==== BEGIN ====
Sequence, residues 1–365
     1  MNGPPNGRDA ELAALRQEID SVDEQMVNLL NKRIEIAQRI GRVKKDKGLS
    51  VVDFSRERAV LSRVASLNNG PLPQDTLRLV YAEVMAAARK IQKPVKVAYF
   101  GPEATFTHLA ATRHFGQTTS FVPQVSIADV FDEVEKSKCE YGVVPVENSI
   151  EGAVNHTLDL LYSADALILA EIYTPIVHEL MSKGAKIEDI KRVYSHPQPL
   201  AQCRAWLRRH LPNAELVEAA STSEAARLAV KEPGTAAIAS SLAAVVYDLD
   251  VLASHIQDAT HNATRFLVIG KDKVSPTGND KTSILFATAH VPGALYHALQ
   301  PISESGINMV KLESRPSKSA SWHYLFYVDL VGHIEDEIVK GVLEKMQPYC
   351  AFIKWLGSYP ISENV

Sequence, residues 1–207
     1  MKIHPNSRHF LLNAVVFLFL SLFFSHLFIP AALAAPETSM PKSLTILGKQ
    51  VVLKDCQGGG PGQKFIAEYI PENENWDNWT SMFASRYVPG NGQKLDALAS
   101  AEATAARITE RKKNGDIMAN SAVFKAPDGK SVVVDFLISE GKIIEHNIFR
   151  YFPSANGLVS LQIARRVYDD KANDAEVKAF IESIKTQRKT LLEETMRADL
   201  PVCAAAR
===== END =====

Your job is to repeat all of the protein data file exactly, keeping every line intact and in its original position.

Sequence, residues 1–365
     1  MNGPPNGRDA ELAALRQEID SVDEQMVNLL NKRIEIAQRI GRVKKDKGLS
    51  VVDFSRERAV LSRVASLNNG PLPQDTLRLV YAEVMAAARK IQKPVKVAYF
   101  GPEATFTHLA ATRHFGQTTS FVPQVSIADV FDEVEKSKCE YGVVPVENSI
   151  EGAVNHTLDL LYSADALILA EIYTPIVHEL MSKGAKIEDI KRVYSHPQPL
   201  AQCRAWLRRH LPNAELVEAA STSEAARLAV KEPGTAAIAS SLAAVVYDLD
   251  VLASHIQDAT HNATRFLVIG KDKVSPTGND KTSILFATAH VPGALYHALQ
   301  PISESGINMV KLESRPSKSA SWHYLFYVDL VGHIEDEIVK GVLEKMQPYC
   351  AFIKWLGSYP ISENV

Sequence, residues 1–207
     1  MKIHPNSRHF LLNAVVFLFL SLFFSHLFIP AALAAPETSM PKSLTILGKQ
    51  VVLKDCQGGG PGQKFIAEYI PENENWDNWT SMFASRYVPG NGQKLDALAS
   101  AEATAARITE RKKNGDIMAN SAVFKAPDGK SVVVDFLISE GKIIEHNIFR
   151  YFPSANGLVS LQIARRVYDD KANDAEVKAF IESIKTQRKT LLEETMRADL
   201  PVCAAAR